Between supermarket bans, the recycling crisis, and that whale who died after consuming 80 bags of the stuff (yikes), plastic sure is giving sugar a run for its money in the race to become 2018's least popular organic compound.
(Also, all three actors who played The Plastics in Tina Fey's musical adaptation of Mean Girls were robbed at the Tony Awards. It is truly a bad time to be polymeric material.)
Plastic is out of fashion. Yet, as skinny jeans have taught us, just because something goes out of fashion (or, you know, is actively damaging the earth) doesn't mean it can instantly be removed from your life.
Most makeup drawers are full of plastic. While some smaller (and exxier) makeup brands package their wares in more sustainable products like wood, glass, or recycled aluminium (check out Antonym's bamboo palettes, available at Sephora), the overwhelming majority of cosmetics still come in plastic. And once you've dutifully chucked out your products after their 12-month expiry (right?) those cute boxes and bottles do a great job of jazzing up the pile of landfill they are doomed to spend the rest of their existence amongst.
But, what if, when you finished your foundation or blush, there was no packaging to chuck out?
Packaging-free is the new frontier in environmentally-friendly cosmetics. The basic premise is thus: take something that is traditionally liquid and put something in it to make it solid.
It's happening to a variety of products: bottle-free shampoo (AKA a bar of soap for your hair) and body lotion (AKA... just a regular bar of soap?) are already on the market.
Last month, UK cosmetics brand Lush released a 40-shade, packaging-free foundation range called Slap Sticks; a skintone spectrum of egg-shaped bars made with ethically-sourced Indonesian coconut oil.
The bars, which are available in Australia via their online store, come dipped in a peelable wax to give you something to hold onto, and can be applied using a brush, your fingers, or just directly onto the skin.
"Making foundation, a staple in many people's daily routine, solid, is a major leap forward to reducing plastic packaging without compromising on quality or effect," Lush co-founder Rowena Bird said in a statement.
Other brands, too, are reconsidering how much packaging needs to be used in a cosmetic product, and whether that packaging can be reused.
Later this month, Australian sensitive skin brand MooGoo will host a "re-fill day", where customers can re-fill their used bottles of product (with a 30 per cent discount).
The Body Shop's international director of campaigns and corporate responsibility, Christopher Davis, says the brand is currently undertaking a "comprehensive review" of sustainable packaging options.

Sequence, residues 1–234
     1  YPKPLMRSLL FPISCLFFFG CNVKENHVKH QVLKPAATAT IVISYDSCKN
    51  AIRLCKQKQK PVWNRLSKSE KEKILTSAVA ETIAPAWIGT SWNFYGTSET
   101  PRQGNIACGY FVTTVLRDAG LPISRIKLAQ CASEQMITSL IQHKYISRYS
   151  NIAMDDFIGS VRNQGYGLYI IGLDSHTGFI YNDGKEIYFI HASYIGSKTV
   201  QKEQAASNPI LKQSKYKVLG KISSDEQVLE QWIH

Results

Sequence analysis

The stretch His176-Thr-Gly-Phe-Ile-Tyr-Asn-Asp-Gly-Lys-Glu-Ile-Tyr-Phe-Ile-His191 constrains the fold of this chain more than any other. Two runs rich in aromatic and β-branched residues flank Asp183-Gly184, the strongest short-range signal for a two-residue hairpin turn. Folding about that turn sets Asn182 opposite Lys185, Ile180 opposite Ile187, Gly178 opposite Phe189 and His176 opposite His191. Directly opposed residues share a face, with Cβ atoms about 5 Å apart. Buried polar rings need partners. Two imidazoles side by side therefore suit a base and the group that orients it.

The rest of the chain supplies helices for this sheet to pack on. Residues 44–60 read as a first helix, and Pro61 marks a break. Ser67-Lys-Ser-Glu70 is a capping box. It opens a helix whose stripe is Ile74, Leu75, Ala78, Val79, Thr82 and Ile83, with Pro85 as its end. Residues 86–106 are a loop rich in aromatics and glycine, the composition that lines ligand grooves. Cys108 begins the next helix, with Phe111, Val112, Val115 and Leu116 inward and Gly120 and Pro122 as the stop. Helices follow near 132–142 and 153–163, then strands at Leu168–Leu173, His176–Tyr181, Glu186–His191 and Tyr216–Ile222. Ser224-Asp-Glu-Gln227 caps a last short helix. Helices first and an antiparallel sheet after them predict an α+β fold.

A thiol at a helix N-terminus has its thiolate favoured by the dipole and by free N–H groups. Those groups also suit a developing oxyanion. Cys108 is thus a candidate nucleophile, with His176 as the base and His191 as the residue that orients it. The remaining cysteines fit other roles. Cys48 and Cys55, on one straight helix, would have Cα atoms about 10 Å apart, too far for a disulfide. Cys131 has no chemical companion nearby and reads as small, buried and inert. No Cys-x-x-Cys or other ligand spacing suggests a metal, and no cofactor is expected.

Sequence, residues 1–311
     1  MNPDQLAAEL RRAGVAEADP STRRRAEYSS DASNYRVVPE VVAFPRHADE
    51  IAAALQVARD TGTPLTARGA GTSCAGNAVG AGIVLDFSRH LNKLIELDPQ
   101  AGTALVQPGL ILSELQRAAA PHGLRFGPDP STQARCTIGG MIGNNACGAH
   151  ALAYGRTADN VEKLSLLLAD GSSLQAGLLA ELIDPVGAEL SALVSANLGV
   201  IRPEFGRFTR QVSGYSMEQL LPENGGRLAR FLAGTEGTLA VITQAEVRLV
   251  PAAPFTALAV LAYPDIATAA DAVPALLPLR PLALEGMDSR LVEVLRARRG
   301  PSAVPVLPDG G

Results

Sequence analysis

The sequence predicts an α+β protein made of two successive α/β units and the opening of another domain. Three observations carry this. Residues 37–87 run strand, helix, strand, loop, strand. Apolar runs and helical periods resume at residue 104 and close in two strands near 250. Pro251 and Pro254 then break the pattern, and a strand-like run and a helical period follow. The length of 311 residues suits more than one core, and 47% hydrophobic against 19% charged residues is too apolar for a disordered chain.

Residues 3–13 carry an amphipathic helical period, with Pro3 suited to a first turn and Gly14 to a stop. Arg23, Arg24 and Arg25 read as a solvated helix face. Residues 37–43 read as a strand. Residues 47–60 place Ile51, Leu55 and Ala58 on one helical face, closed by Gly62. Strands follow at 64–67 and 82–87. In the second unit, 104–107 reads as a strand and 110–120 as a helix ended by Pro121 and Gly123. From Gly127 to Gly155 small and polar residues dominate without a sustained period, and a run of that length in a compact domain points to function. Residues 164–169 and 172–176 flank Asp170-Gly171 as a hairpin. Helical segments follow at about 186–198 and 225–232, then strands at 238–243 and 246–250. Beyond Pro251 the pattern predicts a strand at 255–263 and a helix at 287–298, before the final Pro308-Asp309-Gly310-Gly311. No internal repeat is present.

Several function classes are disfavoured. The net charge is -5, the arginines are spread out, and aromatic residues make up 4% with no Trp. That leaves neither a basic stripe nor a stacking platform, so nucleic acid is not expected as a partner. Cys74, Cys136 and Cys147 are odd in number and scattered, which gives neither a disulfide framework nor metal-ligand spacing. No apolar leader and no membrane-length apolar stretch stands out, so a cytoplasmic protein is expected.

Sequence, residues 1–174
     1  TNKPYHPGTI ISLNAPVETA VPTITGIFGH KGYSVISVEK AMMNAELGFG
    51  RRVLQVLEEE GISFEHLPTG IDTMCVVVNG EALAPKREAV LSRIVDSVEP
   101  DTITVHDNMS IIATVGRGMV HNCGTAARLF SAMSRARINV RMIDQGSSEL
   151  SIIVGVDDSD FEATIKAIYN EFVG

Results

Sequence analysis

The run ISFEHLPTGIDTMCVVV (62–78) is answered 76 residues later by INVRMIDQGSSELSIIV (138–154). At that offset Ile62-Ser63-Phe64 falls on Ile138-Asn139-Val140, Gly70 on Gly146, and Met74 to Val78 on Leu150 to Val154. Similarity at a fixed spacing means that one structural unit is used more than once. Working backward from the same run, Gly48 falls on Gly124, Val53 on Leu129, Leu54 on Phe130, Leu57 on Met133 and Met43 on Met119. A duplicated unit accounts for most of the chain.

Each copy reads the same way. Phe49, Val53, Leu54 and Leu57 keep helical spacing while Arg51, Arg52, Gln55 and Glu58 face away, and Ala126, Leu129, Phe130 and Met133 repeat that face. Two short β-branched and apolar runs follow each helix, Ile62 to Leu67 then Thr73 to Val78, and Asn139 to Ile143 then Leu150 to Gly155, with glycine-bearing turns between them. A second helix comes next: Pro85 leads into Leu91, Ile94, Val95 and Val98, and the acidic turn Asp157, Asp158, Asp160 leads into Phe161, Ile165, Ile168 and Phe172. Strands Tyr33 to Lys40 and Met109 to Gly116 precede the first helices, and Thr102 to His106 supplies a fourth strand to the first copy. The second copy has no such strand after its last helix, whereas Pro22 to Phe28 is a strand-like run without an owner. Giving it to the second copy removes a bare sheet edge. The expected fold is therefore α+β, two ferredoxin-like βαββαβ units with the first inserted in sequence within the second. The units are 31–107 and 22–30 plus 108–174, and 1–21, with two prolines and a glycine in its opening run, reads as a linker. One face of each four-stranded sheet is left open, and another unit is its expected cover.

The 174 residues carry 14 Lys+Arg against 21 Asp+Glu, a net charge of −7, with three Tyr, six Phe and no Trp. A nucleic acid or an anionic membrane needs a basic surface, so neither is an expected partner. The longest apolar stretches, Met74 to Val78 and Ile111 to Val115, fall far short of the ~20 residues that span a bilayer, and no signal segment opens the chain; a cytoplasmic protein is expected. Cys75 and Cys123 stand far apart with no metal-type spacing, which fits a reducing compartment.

It aims to remove fossil fuels from 70 per cent of its product packaging by 2020, as well as ditch cartons from three ranges by the end of this year.
"Our long-term vision is that packaging will not harm people or the environment and can be repurposed," says Davis.
"All our solutions need to be truly sustainable. In the shorter term, we are working hard to increase the percentage of PCR (post-consumer recycled) content in our glass jars and plastic bottles. Plastic is the current ‘bad guy’ but we are looking at a broader vision that focuses on taking a responsible and circular approach with all materials and not just plastic."
Of course, there is a quite obvious problem with taking all of the packaging off cosmetics: how do you store them hygienically. Lush are selling their foundations in recyclable cardboard boxes, while shampoo bars made to be kept in your soap dish.
For all of their faults, plastic bottles are a pretty good way of keeping things sanitary. Would moving to a makeup drawer full of bars be bad for your skin?
Dr Adrian Lim, fellow of the Australasian College of Dermatologists, says public concern about the bacteria that exists on bars of soap is generally unfounded.
"Bacteria found on soap are are usually the commensal (or harmless) type of skin bacteria found on normal human skin," he explains.
Even though this isn't soap, Dr Lim still says the chance that makeup bars could lead to infection is quite minimal, noting that it is "perfectly fine" to apply makeup directly using your fingers.
"The human skin is very effective in screening out germs and, unless you are immunosuppressed, the skin immunity will prevent germs taking hold even when it lands on the skin."